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Jim Trotter breaks down an impressive defensive showing.
Los Angeles had seven offensive possessions, each of which reached the Dallas 33-yard line or closer. And yet the Chargers could manage only one touchdown, their six other possessions ending via two interceptions, three field goals and a missed field goal.
If you saw such a performance coming from the Dallas defense, you’re either clairvoyant or a liar because there was no visualizing it, not with the Chargers having the reigning Offensive Rookie of the Year in quarterback Justin Herbert and a receiving corps that ranks among the league’s best.
And yet the Cowboys had two sacks, six tackles for loss and nine QB hits on Herbert, who threw for 338 yards but matched his career-high with two interceptions. Were they perfect? No. But they were good enough, which could be the first step back to credible relevance for something other than having a star on the side of their helmets.
It’s worth remembering that the kicker saved the day when the coaching staff had almost doomed it.
It’s worth remembering that Zuerlein did mask a near meltdown late in the game, when the Cowboys had the opportunity to get into better field-goal range — then inexplicably ran the ball with Pollard with 33 seconds left and one timeout, failing to use that timeout when Pollard was tackled in the middle of the field with 28 seconds remaining. Had that timeout been used, Dallas could have preserved a handful of additional plays that might have shaved critical yardage off Zuerlein’s 56-yard attempt. Instead, the offense slowly got back to the line and seemed confused, finally using the timeout for the kick with four seconds left. It was such a wincing moment that former Cowboys quarterback Tony Romo was almost beside himself doing color commentary for CBS, wondering aloud what Dallas had in mind in the final moments.
“They had plenty of time to get multiple plays off and get at least 10 more yards,” Romo said on the broadcast. “But handing the ball off [to Pollard], if you did that, you needed to call timeout with 30 seconds left. And that way you’re still allowed to throw another pass for 10 yards, get a first down and clock it.”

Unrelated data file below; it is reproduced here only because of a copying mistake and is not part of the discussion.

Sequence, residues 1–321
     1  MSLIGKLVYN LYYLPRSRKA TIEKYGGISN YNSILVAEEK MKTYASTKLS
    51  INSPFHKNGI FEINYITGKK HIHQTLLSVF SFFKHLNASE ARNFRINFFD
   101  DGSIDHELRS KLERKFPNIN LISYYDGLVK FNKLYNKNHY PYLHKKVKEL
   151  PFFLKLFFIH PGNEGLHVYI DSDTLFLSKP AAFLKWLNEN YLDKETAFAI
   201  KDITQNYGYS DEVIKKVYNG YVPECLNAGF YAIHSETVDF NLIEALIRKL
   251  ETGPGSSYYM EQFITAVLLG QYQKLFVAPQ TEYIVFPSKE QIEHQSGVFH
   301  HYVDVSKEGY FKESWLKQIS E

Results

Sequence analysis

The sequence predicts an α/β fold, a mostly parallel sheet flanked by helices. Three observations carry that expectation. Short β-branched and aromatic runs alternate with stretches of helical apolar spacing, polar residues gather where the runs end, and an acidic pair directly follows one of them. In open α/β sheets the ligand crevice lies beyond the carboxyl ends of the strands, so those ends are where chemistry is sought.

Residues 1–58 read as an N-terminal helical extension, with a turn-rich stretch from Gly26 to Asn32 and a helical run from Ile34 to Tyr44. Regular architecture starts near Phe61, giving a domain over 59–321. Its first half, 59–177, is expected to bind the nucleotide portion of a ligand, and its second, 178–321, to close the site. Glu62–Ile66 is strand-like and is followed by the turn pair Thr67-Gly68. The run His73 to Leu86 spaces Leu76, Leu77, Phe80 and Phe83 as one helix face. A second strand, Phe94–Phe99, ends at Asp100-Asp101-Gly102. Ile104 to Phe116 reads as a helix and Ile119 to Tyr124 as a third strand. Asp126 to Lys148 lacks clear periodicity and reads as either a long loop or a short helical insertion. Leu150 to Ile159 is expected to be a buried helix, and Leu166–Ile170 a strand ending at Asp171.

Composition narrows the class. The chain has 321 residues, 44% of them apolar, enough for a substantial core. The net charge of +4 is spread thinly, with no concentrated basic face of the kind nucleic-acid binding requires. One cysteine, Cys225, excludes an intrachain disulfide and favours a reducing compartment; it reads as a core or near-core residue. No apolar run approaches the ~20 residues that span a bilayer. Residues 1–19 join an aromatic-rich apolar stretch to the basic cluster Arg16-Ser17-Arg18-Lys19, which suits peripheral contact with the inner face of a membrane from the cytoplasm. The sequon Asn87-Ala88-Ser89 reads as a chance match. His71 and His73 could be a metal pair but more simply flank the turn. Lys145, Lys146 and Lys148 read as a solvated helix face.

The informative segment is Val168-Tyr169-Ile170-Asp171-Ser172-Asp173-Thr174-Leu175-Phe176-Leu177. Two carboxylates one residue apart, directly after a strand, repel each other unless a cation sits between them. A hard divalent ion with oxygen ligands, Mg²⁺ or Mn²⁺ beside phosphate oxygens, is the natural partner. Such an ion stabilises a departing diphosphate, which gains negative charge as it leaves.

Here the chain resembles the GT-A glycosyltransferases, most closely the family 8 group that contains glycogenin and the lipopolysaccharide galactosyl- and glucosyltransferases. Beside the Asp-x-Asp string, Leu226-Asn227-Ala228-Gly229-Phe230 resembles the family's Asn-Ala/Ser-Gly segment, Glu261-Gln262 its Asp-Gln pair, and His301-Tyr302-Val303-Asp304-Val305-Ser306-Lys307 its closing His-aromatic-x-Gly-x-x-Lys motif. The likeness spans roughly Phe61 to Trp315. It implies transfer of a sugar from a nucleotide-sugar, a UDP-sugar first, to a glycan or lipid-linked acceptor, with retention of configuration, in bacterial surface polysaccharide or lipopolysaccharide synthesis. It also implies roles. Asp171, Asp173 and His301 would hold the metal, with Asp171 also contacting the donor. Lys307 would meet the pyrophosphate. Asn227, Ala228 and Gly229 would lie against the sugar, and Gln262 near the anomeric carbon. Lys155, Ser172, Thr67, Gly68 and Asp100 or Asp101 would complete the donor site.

Dallas Cowboys coach Mike McCarthy: Issues forced team to settle for 56-yard FG to decide game – Todd Archer, ESPN
There seemed to be some issues at the end with the FG.
First, a player went off the field after Tony Pollard’s 3-yard run to the Los Angeles 38 on second down with 33 seconds to play.
“One of our players came off that shouldn’t have come off,” McCarthy said. “Just a communication error.”
Then the clock McCarthy was eyeing on the digital-board overhanging the SoFi Stadium field went out.
“I never had a clock go off the board like that,” McCarthy said.
Offensive coordinator Kellen Moore was not in a better position either.
“He got blocked by a camera guy,” McCarthy said of one of the field-level clocks.
Instead of using the timeout early and potentially leaving the Cowboys in a bad situation if they ran a third-down play, McCarthy opted to let the clock run down with the aid of his assistant coaches from the coaches’ booth and called a timeout with four seconds to play.
“Once we didn’t have the personnel set for the third-down call we were in between once you get below 17 seconds,” McCarthy said. “It’s a threshold, so we let it run down and take the kick.”
The Cowboys beat the Chargers, 20-17. And therein lies the beginning of a departure from 2020 wallowing, Epstein explains
No doubt Dallas’ sights are set far higher than a lone September victory against a team that committed 12 penalties, including two that wiped out would-be go-ahead touchdowns. But lessons garnered this week should transfer. Dallas showed its ability to game plan around an elite pass rusher in Joey Bosa, even with second-year undrafted right tackle Terence Steele needing to replace Collins. The team proved that its draft-weekend effusiveness about Parsons’ versatility and ability to pressure were not merely wishful thinking. The Cowboys demonstrated a perhaps borderline obsessive emphasis on 2-minute and similar situational work in training camp – “Hard Knocks” viewers will recall McCarthy’s “Mojo Moments” – actually are preparing this team for games that come down to the wire. They can even do so without an onside watermelon kick.
The Chargers were limited to six points in three second-half trips to the red zone. Brandon Staley explains how he thinks the Chargers lost the game.
“We lost this game on all three phases of the game,” said Brandon Staley, who was attempting to join Marty Schottenheimer as the second of the Chargers’ 17 coaches — including two interim coaches — to win both of their first two games with the team. “We didn’t play clean enough to win.”
Staley said he would “look at our red area plan.”